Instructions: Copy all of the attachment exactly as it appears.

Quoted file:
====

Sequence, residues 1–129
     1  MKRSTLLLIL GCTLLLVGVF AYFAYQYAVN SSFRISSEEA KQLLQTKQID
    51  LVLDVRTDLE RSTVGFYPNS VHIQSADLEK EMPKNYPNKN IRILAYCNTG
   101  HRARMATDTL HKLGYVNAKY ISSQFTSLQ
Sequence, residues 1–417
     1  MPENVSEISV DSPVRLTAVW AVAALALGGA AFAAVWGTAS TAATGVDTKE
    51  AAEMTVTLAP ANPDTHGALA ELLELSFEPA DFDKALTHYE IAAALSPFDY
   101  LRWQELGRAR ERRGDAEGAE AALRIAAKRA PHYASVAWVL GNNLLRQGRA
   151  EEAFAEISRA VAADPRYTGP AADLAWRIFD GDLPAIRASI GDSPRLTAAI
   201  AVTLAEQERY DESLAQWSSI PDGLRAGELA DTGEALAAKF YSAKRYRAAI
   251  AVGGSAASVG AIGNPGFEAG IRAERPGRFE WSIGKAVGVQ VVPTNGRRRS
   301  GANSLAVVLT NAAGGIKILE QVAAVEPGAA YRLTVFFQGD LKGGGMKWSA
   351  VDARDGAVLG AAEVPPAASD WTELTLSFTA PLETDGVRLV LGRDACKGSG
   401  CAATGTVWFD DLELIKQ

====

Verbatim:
Sequence, residues 1–129
     1  MKRSTLLLIL GCTLLLVGVF AYFAYQYAVN SSFRISSEEA KQLLQTKQID
    51  LVLDVRTDLE RSTVGFYPNS VHIQSADLEK EMPKNYPNKN IRILAYCNTG
   101  HRARMATDTL HKLGYVNAKY ISSQFTSLQ
Sequence, residues 1–417
     1  MPENVSEISV DSPVRLTAVW AVAALALGGA AFAAVWGTAS TAATGVDTKE
    51  AAEMTVTLAP ANPDTHGALA ELLELSFEPA DFDKALTHYE IAAALSPFDY
   101  LRWQELGRAR ERRGDAEGAE AALRIAAKRA PHYASVAWVL GNNLLRQGRA
   151  EEAFAEISRA VAADPRYTGP AADLAWRIFD GDLPAIRASI GDSPRLTAAI
   201  AVTLAEQERY DESLAQWSSI PDGLRAGELA DTGEALAAKF YSAKRYRAAI
   251  AVGGSAASVG AIGNPGFEAG IRAERPGRFE WSIGKAVGVQ VVPTNGRRRS
   301  GANSLAVVLT NAAGGIKILE QVAAVEPGAA YRLTVFFQGD LKGGGMKWSA
   351  VDARDGAVLG AAEVPPAASD WTELTLSFTA PLETDGVRLV LGRDACKGSG
   401  CAATGTVWFD DLELIKQ